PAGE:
Managing stakeholder expectations is an important part of managing project-based work. If you're lucky, project stakeholders have clearly defined the value of what the successful outcome of their project might look like. I say lucky because unfortunately, clearly defining the potential value of an initiative before the project has begun seems to be the exception rather than the rule in most organizations.
However, if success is not clearly defined, it's up to the project manager to initiate a dialogue to determine the value and desired outcome. Otherwise, it's difficult to successfully complete any project. And what's more, it's never a good idea to be measured against a moving target.
In most organizations, a stakeholders attention span is pretty short. Long projects that require a lot of stakeholder patience tend to falter and ultimately fail. Providing value regularly, at short (3-4 week) intervals, keeps stakeholders engaged and interested.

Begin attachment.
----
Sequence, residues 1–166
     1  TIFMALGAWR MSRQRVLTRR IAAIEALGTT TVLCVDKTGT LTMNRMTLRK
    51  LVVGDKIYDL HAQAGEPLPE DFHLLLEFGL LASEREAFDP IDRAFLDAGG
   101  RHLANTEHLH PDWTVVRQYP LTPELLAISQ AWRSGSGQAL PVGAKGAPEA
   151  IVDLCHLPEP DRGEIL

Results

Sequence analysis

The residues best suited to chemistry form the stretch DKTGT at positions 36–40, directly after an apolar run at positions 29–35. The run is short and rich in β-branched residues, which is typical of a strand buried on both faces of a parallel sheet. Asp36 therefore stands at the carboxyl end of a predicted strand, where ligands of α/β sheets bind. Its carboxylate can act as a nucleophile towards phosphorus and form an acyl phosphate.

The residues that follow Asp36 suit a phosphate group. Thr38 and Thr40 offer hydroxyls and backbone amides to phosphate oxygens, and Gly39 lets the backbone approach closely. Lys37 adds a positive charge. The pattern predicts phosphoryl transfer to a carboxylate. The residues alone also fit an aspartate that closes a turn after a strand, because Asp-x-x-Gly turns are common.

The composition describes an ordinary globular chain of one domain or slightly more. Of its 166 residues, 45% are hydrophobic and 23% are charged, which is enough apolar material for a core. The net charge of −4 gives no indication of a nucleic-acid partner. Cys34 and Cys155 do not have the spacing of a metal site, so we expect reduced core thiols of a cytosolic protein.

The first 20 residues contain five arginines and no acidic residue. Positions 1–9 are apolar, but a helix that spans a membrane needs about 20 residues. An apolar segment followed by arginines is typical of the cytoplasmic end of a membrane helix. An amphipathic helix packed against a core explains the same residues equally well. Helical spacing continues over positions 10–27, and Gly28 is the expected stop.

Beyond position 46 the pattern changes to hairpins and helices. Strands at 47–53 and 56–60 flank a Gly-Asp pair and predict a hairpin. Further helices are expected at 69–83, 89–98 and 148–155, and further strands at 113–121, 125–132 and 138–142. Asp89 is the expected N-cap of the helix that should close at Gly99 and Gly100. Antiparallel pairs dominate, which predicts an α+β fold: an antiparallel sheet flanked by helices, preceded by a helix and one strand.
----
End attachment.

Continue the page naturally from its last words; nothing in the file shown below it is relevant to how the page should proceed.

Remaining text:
It's sometimes easy for change orders to morph a project into something different than what was intended. Keeping stakeholders focused on the objective can be challenging, but it's critical for project success. If a change doesn't contribute to the defined objective, stakeholders need to understand the ramifications and how changes could impact the final outcome.
When reporting to stakeholders, it's important to remember that executives aren't as interested in your particular work management methodology as they are in results. Keep stakeholder communication focused on progress and value. Be concise and brief. Sending a lot of time buried in the details with stakeholders will not only be frustrating for them—it doesn't do you any good either.
So just to recap, keeping stakeholders engaged and keeping their expectations tethered to reality come down to these four keys:
- Make sure "project success" is clearly defined before the project begins
- Don't make stakeholders wait too long before they start to see value
- Execute against the objective to ensure project success
- Keep it simple when communicating with project stakeholders
Ignore these tips at your own peril.
Looking for more tips on how to keep stakeholders happy? You might be interested in our post, "Effective Stakeholder Management: 10 Tips For Better Communication."
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